Assessing Speaking: Putting the Pieces Together

Glenn Fulcher, School of Education, University of Leicester, UK
Presentation Date: 
April 19, 2012

This webinar is about assessing second language speaking. At the start of the webinar I’ll talk a little bit about why we assess speaking – because it hasn’t always been the case – and cover some history of assessing speaking in the United States. Even though I’m from the other side of the pond, I’ve dug around quite a bit in developments in the US. We’ll quickly move on to talk about what we assess, particularly looking at “constructs” and “skills”. Clearly we can’t assess everything in one assessment or test, so we have to select what is most important for our students. Next we’ll look at how we can elicit the evidence we need to make judgments about the quality of learner talk, and this will involve looking at task types that we can use, and there are a small number of samples on a hand-out that we can discuss. When learners talk during a task, we have to be able to summarize the quality of the speech. To do that, we need to be able to “rate” or “score” the performance, using rubrics or rating scales – depending which side of the Atlantic you’re on! So we’ll look at different ways of doing that, and you’ll have the opportunity to evaluate and vote on the kind of rubrics you prefer. We’ll finish up by looking at the processes involved in designing assessment systems, and putting them into practice.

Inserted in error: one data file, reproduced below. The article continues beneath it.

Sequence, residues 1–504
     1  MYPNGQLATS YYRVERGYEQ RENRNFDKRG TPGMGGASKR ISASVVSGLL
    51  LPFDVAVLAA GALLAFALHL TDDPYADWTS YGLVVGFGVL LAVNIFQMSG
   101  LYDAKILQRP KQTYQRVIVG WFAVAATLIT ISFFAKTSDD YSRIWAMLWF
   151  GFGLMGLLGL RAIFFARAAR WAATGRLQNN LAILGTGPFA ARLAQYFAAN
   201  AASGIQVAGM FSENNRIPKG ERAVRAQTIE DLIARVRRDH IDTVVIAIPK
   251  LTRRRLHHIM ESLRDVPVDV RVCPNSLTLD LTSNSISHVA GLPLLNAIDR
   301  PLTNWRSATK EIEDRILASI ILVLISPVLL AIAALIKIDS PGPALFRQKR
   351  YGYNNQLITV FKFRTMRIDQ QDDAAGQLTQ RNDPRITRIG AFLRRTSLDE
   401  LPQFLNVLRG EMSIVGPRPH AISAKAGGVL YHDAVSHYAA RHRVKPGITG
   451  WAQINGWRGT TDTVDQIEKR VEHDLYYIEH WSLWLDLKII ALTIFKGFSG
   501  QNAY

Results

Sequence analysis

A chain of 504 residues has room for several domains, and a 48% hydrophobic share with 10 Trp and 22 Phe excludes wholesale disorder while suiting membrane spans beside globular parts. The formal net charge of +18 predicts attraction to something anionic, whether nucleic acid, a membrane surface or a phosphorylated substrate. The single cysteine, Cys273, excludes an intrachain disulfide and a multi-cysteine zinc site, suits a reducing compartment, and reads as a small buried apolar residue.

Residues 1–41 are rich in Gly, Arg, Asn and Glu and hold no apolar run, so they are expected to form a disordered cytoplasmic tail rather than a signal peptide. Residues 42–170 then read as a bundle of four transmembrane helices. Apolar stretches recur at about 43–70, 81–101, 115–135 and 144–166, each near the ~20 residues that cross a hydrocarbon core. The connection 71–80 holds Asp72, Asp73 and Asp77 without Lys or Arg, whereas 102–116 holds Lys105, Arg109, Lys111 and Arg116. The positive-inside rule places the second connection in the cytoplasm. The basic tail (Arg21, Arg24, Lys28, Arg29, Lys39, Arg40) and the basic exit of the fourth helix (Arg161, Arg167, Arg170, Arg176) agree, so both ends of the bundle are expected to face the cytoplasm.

Who’s it For? - There is no assumption of prior knowledge of assessing speaking, although classroom experience would make the webinar much more useful! Nor is it aimed at people who design large-scale summative tests, as the ideas are as relevant to local formative assessment practices as well as summative assessment. At some points we’ll also be questioning some current practice that we find in standardized testing that just isn’t relevant to classroom learning. So it’s definitely for teachers, although people who work for assessment agencies would also find the overview interesting. It’s also for students studying for MA or PhD degrees, and I will be mentioning research that informs practice; but clearly, in just one hour it is impossible to get into research in detail.